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Mothers Show Interest in Polio Vaccination as Covid-19 Misinformation Slows

Paynesville —  Two new cases of Polio recently discovered in Liberia have sparked concerns about the gap in immunization during the peak of Covid-19 in the country. The disruption of the routine vaccination campaign was also caused by misinformation that the polio vaccine was instead Covid-19 vaccine although at the time there was not yet a discovery of the jab for the novel coronavirus.


Report By: Alpha Daffae Senkpeni, Local Voices Liberia


Every child is to take the vaccine five times before the child is one year old but as misinformation about vaccines during the peak of Covid-19 spread, many parents were hesitant thereby preventing children from taking the routine polio vaccine.

Some parents speculated that their children would be infected with Covid-19 if they took the Polio vaccine. This significantly disrupted the immunization of thousands of children with the polio vaccines. 

Mekapo Flomo, 22, says since the coronavirus she has been afraid to take her daughter to the clinic for the polio vaccine. 

“I didn’t bring my daughter for vaccine because of the cases we heard about during the virus. If anything happen to her it will be hard for her to stand it because she’s still small. So I kept her home,” Flomo said. 

For Grace Dabah, 30, she was convinced by nurses to take her child for the routine polio vaccination.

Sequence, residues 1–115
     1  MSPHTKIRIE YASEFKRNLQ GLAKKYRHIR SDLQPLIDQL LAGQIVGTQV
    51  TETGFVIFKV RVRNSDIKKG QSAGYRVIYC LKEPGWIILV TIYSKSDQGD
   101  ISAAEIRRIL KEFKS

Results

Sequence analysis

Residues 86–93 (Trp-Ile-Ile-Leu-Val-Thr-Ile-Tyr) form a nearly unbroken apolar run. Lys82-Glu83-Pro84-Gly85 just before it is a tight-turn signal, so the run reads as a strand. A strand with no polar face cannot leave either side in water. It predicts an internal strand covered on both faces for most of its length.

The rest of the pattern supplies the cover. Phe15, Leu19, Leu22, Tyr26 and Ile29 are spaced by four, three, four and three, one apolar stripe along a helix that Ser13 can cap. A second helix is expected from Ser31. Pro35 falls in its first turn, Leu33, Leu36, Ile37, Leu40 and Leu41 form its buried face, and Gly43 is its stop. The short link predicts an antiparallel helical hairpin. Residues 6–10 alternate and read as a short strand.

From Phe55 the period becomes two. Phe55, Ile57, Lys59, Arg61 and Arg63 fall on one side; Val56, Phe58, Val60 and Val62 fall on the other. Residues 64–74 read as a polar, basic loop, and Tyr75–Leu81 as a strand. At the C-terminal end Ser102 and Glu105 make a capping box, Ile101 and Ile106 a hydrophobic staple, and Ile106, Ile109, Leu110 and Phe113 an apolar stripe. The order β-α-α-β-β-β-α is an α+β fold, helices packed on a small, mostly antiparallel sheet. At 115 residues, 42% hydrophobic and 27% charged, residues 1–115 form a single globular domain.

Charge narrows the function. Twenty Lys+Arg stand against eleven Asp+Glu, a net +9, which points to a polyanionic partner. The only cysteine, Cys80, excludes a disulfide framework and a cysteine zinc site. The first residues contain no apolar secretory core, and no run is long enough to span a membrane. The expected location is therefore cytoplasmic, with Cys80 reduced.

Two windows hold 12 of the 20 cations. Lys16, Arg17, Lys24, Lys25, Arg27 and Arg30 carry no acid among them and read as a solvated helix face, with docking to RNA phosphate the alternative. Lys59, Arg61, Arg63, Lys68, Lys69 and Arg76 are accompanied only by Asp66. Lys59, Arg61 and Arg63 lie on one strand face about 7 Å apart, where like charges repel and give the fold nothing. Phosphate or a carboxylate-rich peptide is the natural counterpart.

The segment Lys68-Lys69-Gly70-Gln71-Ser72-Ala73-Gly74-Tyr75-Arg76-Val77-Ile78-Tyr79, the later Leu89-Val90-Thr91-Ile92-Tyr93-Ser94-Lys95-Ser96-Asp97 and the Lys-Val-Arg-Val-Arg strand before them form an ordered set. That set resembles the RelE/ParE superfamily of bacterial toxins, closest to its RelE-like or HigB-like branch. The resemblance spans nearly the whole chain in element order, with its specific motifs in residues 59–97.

“I took my child for vaccines during the crises because the nurses told me at birth to not take the vaccine lightly if I didnt want my child be abnormal,” she said. 

She, however, wants to be sure about the kind the vaccine that will be available . “I’ll ask them to make it clear, ‘why my child should take it and I’ll be satisfy before my child takes the vaccine”. 

Added Wynetta Suakollie, 27, a mother of a two-year-old girl: ” When coronavirus was serious I didn’t come with my child to the hospital for vaccine because coronavirus was serious and I didn’t know the nurses status, so I had to keep her safe.”

29-years-old Abigail F Johnson, said taking her child for any vaccination would have been risky. “The radio said stay home, stay safe, bringing my child outside among people was going to be like exposing him. For me I can wear mask to prevent myself but this child can’t.

Despite the information crisis during the start of the coronavirus pandemic about vaccination, some parents were still willing for their children to be immunized with the polio vaccines. But there were even difficulties in having the vaccines at some health facilities.   

According to a vaccinators at the James N. Davies Memorial Hospital located Nezoe community, during the peak of pandemic in Liberia, the hospital was most time out of dosages of polio vaccines.